His footsteps echoed like gunshots in the ocean of silent stones. The soldier stopped, blocked by a pile of rubble, and glanced at the facades of what was not so long ago a crowded shopping street. Punched with bullets, cracked open by mortar shells, flattened by airstrikes and blackened by flames, most of the buildings seem to have been meticulously slaughtered.
After four months of a Dantean battle between the Islamic State (IS) and the US-backed Syrian Democratic Forces (SDF), Raqqa is now mute. Then, suddenly, the call to prayer resounded between the hills of debris serving as tombs for the civilians who could never escape. As one moves away from the city center, the thunder of shovels fills up the cold, dry air of what was for more than three years the capital of the self-proclaimed caliphate.
On the second floor of a five-story building, a man leaned on the edge of his balcony to sweep the remains littering his apartment, making fall a river of dust as thick as snow. Some 50,000 civilians have now returned to the peripheral districts of Raqqa and its surrounding villages, according to Raqqa's Civil Council.
For 10 days now, every member of the Hamoud family has been busy trying to repair their household. Armed with a wheelbarrow, Hassan, 39, ran toward the pavement to discharge the debris he collected. The father of four, a former mechanic, wants to believe the family home will be ready in two months.
“I was surprised because I didn't think that it would be so destroyed,” he told Al-Monitor. “The whole neighborhood was leveled. We just want to clean our house to be able to stay inside — no more than that. We got everything: airstrikes, bombings, mortars, artillery, IS suicide cars,” he said, counting on his fingers.
Some 200,000 civilians were believed to be in the city when the military campaign to dislodge IS began on June 6. Among those who were trapped at various points since then, often used by IS as human shields, the monitoring group Airwars estimates that at least 1,300 civilians likely died as a result of the coalition, which fired some 4,570 munitions on Raqqa.
Satellite images published by the United Nations show that a total of 12,668 structures within the city were affected by the battle, more than half of which were completely destroyed or severely damaged.
On Oct. 17, the battle came to a sudden halt when the SDF and IS struck a deal to evacuate the last remaining fighters and their families and free the civilians who were held as hostages.
“If they had agreed on a deal from the start, they would have saved many civilians. Now I have 16 relatives under the rubble," Hassan said.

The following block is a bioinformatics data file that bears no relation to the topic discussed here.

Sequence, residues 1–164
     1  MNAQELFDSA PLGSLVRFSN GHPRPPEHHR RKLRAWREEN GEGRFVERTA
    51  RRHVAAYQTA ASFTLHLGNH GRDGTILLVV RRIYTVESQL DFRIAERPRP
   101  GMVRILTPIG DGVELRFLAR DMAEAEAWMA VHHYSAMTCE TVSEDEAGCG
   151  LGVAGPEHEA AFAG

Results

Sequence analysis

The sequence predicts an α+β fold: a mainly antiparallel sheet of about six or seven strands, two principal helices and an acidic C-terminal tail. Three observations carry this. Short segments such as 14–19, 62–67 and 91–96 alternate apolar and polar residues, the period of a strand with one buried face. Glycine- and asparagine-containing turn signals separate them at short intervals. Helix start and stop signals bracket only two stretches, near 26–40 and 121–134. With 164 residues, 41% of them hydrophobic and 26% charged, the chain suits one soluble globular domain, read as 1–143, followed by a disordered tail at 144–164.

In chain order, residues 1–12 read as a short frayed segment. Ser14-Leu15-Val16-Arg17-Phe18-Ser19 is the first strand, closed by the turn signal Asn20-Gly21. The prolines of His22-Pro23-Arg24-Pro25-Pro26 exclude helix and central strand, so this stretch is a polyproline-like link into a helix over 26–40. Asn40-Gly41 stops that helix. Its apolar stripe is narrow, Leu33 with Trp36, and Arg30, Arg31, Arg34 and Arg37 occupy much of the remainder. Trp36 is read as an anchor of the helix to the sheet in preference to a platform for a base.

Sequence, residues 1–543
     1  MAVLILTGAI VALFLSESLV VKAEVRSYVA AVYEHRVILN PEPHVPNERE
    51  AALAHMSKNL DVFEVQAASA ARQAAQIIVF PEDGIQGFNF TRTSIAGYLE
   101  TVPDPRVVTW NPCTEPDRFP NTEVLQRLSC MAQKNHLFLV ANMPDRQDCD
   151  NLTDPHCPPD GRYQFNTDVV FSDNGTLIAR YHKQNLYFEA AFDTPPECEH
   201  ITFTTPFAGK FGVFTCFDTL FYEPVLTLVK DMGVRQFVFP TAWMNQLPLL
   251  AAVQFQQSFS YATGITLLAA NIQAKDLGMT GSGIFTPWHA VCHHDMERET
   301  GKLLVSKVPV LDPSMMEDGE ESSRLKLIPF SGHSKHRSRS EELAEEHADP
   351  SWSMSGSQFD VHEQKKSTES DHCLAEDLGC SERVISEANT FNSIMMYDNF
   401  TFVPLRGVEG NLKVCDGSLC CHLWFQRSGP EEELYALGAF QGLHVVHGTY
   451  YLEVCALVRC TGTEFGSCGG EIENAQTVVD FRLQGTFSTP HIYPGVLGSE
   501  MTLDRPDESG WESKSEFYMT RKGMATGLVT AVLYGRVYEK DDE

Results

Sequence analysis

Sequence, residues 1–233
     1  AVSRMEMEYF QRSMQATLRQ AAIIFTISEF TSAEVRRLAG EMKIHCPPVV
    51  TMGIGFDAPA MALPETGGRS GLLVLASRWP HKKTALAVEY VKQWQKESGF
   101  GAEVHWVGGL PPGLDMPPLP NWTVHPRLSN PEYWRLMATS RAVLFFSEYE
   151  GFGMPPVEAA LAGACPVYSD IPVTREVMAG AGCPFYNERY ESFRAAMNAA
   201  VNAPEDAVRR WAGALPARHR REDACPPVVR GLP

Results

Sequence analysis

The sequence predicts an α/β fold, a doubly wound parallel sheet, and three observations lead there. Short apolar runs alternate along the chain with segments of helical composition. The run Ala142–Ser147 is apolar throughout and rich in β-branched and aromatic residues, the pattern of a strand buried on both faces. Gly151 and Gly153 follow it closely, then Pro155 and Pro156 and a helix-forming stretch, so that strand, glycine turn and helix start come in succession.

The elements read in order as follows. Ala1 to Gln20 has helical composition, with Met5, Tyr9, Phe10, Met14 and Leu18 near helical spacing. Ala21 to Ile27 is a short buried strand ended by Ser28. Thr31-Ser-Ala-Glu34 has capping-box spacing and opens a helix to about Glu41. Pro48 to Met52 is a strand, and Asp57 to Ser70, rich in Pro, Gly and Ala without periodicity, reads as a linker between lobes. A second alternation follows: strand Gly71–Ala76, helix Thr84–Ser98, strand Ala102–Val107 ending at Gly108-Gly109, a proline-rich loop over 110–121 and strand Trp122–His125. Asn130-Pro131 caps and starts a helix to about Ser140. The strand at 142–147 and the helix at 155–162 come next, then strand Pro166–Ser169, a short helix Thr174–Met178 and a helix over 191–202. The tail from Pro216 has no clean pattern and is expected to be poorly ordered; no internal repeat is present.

As Hassan and his brothers pushed their shovels into a pile of rubble, their 60-year-old "mama" took a long look at the facade of the family home. "They fucked us well," yelled Douha al-Hamoud, her laughing eyes lighting up her wrinkled face. "We grew old building this house, and now it's gone," she added in a more serious tone.
Perhaps considering her children too slow, Mrs. Hamoud seized a shovel and started to clear a collapsed wall while her junior exercised his weightlifting skills in the corner of the garden. “We cannot afford to hire workers, so my sons and I are doing all the work. When I saw our house I cried, but I prefer to live in ruins than with IS,” the matriarch said. "Everything will be back the way it was except for the lost lives."
However, while the guns have fallen silent, the stream of IS’ victims continues to flow. In al-Mashlab, the first district of Raqqa retaken by the SDF, a makeshift clinic continuously receives casualties. On the pavement, a man with a face corroded by shrapnel staggered beside an ambulance carrying an unconscious patient.
Before losing the control of the city, IS militants planted thousands of improvised explosive devices (IEDs), which kill about 10 residents a day, Raqqa's Civil Council, doctors and soldiers told Al-Monitor.
IS, in both Iraq and Syria, has developed on an industrial scale evermore sophisticated devices, continually experimenting and creating new types, making mine clearance as difficult as it is hazardous. Some Raqqa residents even speak of a new battle.
Contacted by Al-Monitor, the US-led coalition affirmed that, with the assistance of its partners, it "disarmed and/or disposed of thousands of IEDs over the past three years" and "provided counter-IED training to thousands of Iraqi security forces and Syrian defense forces."
But soldiers on the ground say they are overwhelmed by the magnitude of the threat.
“Even our IED disposal experts are losing their lives because they do not have adequate equipment,” Abdelkareem Abbas — who joined the SDF two months after having fled the occupation of IS in his hometown — told Al-Monitor.
“Raqqa is a ghost city, but I am a son of Raqqa. I have nowhere else to go. We simply ask for the mine clearance to be done faster. I have small children, and for the moment I cannot allow them to go in the street," he said. "I have to jail them inside the house.”
Destruction and minefields have forced the vast majority of the residents to remain in exile. Thus, 19,000 Syrians from Raqqa and Deir ez-Zor live in the Ain Issa camp, an hour's drive from the forbidden city.
In her tent of 10 square meters in Ain Issa, Mouna al-Khelo, 40, patiently awaits a hypothetical return with her four children. “It will take 10 years for Raqqa to be like before," she told al-Monitor. "All the city center has been destroyed. Is it possible to rebuild it? I don't know. But Raqqa is still too dangerous for us,” she said, holding her baby.
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